We’ve only just got over the news of the Stagefright vulnerability, that allows attackers to infect Android devices with just a maliciously-crafted MMS message and the shocking (and welcome) news that Google and other leading manufacturers will be releasing regular security updates for millions of smartphones from now on.
Now IBM security researchers have warned of another serious vulnerability that impacts over 55% of all Androids.
The vulnerability, which has been dubbed CVE-2015-3825, affects Android versions 4.3 to 5.1, as well as the current Android M preview build, and could be exploited by malware.
“In a nutshell, advanced attackers could exploit this arbitrary code execution vulnerability to give a malicious app with no privileges the ability to become a “super app” and help the cybercriminals own the device.”
In a YouTube video, the researchers demonstrate a proof-of-concept attack demonstrating how an attacker could steal sensitive data. A malicious app, with no apparent special privileges, is able to overwrite an existing app (Facebook in the demonstration) with a fake version (Fakebook) that could steal users’ data.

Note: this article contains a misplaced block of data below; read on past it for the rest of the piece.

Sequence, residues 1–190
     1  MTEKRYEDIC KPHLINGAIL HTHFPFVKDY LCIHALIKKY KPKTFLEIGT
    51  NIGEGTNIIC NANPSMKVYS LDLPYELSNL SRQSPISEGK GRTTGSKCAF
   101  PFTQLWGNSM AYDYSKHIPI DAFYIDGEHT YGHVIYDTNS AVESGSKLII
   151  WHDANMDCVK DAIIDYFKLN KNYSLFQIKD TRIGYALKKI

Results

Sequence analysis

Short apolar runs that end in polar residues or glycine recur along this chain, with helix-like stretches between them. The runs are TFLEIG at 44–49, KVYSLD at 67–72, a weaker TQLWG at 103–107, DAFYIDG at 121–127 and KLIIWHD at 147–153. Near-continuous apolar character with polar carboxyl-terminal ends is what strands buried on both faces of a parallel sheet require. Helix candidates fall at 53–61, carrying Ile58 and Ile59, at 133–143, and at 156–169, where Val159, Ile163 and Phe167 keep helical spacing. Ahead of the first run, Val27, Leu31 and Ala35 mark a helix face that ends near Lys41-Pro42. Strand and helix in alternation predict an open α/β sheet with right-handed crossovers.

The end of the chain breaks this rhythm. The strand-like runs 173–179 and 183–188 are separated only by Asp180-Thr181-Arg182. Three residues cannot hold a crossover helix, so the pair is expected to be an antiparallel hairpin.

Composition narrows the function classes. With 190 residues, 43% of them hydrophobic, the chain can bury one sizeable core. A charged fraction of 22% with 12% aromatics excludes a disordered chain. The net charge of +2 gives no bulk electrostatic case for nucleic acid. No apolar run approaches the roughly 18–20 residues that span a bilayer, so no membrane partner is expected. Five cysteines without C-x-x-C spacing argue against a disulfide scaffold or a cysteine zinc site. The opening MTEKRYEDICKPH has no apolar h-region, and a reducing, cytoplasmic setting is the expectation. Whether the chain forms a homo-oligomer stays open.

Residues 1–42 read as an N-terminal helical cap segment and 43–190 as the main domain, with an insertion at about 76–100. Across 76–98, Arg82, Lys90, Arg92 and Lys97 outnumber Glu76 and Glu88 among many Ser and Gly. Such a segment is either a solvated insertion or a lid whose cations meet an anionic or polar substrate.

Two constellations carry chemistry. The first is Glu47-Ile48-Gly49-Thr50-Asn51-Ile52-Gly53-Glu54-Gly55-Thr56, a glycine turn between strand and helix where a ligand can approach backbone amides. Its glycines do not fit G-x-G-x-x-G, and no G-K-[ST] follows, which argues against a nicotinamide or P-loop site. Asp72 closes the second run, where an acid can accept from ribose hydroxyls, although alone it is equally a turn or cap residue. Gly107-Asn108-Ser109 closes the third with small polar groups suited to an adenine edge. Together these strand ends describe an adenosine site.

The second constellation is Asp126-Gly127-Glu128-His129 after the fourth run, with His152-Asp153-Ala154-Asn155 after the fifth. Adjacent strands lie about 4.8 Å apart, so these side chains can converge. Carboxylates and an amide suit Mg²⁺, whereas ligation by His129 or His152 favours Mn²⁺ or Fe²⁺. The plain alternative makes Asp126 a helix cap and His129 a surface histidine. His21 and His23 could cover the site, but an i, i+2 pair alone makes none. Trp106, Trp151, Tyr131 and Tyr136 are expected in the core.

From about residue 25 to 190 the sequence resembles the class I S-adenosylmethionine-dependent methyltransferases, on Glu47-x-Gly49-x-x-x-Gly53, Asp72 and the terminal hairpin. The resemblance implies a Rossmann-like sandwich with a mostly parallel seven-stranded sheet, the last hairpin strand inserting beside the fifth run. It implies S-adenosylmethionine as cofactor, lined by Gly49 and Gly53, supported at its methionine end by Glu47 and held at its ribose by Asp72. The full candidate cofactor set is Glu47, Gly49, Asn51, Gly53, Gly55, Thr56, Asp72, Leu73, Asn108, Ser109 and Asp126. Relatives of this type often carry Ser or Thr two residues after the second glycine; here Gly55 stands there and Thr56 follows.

The researchers informed Google’s security team of the Android vulnerability some months ago, and IBM’s blog post says that Google has issued patches for Android 5.1, Android 5.0, Android 4.4 and Android M.
Of course, whether these patches have actually made it into the Android device in your hand is a whole different matter… :(
“We encourage Google to continue its efforts toward decoupling the vendors’ dependent code from the rest of the system so patches will be available much faster,” writes researcher Or Peles.
And so say all of us.
The good news is that, so far, there is no indication that the vulnerability has been exploited in the wild.
In truth, BeNews had been written by controversial spyware firm Hacking Team to infect targets and spy upon communications.
More details of the vulnerability are being shared at the USENIX Workshop on Offensive Technologies (WOOT ’15) currently being held in Washington, D.C. You can check out researcher Or Peles’s technical paper here.
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